The documentary allows us to see this process, but most notably presents to us a shocking view of cities around the world. Countries like China and India are building faster than we can keep track of in a race to become like the “western” cities of the 1960s (while making many of the same mistakes we did). The population of the entire world doubled in only a few decades and will continue to add to the now more than 50% of people globally living in cities. It is in these parts of the world that the future of human civilization will be made manifest. While Gehl is working to create human oriented places in these areas, the concept as a whole needs to be made standard if we are to solve current issues of poor quality of life.
So what does this mean for the future of cities? Aside from vivid images of cities affected by isolation and brutalist design, it also offers images of hope: the people-focused rebuilding of Christchurch after the devastating earthquake, alleyways in China devoid of cars, and social movements in India attempting to take back the streets as public spaces. After watching one is left with a general sense of hope, despite the sobering reality of the massive amount of growth happening worldwide. I highly recommend this to anyone, with or without urban experience, for the imagery, interviews with Gehl Architects and others, and for the thoughts it leaves you with about the future of people in cities.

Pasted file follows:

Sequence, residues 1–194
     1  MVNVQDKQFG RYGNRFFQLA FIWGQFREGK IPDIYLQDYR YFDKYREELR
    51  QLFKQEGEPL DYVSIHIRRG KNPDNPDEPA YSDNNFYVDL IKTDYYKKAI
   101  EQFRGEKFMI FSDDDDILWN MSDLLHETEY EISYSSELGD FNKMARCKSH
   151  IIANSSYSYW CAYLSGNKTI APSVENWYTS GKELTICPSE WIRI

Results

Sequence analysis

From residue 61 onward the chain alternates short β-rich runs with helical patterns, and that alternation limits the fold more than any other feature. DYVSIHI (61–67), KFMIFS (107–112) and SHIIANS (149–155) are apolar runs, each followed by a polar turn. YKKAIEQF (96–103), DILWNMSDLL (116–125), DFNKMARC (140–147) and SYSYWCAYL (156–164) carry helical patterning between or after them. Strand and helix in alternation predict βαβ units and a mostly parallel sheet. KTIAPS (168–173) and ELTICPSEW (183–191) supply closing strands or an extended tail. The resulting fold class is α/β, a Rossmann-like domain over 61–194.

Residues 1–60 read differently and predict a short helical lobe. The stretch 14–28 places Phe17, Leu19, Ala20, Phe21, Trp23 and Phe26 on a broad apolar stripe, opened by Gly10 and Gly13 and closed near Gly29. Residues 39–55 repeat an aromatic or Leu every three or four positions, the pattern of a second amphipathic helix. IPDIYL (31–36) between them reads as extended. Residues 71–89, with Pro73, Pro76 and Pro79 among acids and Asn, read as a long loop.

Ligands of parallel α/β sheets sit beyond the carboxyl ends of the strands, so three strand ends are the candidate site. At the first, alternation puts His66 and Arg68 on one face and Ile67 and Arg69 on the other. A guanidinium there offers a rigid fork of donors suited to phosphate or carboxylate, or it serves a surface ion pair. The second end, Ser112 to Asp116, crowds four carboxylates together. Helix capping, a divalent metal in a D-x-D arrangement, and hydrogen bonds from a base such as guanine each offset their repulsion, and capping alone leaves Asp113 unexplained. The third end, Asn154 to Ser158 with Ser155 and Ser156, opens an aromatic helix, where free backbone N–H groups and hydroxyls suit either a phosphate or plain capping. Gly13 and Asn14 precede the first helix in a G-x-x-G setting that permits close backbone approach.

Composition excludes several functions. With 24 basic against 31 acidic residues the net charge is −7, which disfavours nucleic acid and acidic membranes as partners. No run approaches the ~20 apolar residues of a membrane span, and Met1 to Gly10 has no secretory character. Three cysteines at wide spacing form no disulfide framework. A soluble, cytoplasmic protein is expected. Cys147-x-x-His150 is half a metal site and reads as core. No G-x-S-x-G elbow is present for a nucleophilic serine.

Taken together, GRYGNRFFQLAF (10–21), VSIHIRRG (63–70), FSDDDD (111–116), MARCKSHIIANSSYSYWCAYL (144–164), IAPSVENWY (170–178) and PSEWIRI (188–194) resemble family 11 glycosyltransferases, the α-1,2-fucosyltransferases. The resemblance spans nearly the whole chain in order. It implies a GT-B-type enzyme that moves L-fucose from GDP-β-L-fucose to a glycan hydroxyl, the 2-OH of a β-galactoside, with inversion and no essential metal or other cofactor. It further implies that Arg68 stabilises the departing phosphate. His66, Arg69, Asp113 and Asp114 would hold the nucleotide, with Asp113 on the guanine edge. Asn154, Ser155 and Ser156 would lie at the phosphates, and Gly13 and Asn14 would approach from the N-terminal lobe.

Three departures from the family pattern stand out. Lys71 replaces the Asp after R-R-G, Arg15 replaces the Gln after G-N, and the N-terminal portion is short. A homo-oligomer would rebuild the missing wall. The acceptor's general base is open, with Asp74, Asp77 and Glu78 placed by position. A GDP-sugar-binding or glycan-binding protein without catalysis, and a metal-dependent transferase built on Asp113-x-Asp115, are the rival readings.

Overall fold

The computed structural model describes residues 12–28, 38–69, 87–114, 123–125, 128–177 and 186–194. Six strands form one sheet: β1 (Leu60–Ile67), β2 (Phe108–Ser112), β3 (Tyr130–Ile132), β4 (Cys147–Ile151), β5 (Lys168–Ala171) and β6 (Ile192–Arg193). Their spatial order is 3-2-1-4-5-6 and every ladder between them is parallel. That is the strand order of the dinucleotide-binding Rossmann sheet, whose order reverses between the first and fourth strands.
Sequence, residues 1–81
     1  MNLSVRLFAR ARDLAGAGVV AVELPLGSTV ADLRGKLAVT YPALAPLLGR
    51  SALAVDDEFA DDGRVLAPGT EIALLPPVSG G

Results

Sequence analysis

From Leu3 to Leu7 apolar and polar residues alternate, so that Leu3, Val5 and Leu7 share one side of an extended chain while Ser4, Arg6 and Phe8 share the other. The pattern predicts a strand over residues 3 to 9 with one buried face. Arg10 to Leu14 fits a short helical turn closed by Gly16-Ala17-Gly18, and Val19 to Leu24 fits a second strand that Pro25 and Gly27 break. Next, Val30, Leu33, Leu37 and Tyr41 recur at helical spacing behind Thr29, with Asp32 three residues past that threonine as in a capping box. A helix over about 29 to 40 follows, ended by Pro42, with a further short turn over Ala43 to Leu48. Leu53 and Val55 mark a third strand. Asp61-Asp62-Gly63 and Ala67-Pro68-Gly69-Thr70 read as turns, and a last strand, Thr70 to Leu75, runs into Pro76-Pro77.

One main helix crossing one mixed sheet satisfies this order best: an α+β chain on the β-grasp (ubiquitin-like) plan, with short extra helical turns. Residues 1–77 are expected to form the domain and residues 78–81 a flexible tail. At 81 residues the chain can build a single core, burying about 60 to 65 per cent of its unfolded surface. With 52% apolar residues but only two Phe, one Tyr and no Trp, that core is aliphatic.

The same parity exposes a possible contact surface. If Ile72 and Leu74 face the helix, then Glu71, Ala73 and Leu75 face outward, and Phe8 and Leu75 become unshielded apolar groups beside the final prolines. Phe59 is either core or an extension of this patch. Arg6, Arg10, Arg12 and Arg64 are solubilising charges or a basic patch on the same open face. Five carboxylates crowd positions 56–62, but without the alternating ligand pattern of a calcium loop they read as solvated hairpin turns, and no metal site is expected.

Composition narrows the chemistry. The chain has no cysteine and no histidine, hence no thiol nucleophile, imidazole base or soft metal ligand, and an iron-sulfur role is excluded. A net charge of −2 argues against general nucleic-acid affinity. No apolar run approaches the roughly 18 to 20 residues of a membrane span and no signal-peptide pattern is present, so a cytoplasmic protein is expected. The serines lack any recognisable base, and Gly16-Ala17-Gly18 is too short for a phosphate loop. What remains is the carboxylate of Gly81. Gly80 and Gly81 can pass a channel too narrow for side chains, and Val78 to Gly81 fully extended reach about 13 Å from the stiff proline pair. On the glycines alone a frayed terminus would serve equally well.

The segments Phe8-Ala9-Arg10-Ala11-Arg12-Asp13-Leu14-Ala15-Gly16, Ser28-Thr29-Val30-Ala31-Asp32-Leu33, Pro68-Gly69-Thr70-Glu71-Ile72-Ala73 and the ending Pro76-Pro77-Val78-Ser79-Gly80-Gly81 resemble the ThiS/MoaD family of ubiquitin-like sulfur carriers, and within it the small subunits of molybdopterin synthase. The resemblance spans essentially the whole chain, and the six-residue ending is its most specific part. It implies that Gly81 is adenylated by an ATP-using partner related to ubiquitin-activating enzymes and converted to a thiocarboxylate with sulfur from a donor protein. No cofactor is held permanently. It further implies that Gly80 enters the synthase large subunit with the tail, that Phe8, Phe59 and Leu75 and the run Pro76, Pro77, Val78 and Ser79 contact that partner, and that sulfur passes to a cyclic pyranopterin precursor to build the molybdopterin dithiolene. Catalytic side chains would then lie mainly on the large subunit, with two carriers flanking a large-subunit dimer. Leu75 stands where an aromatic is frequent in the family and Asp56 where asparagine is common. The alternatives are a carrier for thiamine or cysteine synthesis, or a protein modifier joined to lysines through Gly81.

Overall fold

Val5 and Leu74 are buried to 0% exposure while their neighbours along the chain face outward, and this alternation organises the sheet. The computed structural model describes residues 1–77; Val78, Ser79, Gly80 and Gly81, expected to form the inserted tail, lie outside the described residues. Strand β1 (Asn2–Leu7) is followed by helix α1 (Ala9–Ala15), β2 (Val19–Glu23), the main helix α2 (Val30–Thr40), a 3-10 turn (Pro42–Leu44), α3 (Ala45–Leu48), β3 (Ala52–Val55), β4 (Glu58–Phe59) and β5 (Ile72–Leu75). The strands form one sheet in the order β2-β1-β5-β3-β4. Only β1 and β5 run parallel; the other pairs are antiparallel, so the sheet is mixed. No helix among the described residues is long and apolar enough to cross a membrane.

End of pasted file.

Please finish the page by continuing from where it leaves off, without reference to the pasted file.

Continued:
The Human Scale Trailer: http://vimeo.com/67638874
This article first appeared on THINK.urban at www.thinkurban.org.
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Katrina Johnston-Zimmerman, MUS, is a recent graduate of Urban Studies, a public space afficionado, and an urban anthropologist who has conducted several spatial ethnographies of public space. She currently writes at her blog, THINK.urban, and is Social Media Consultant to International Making Cities Livable.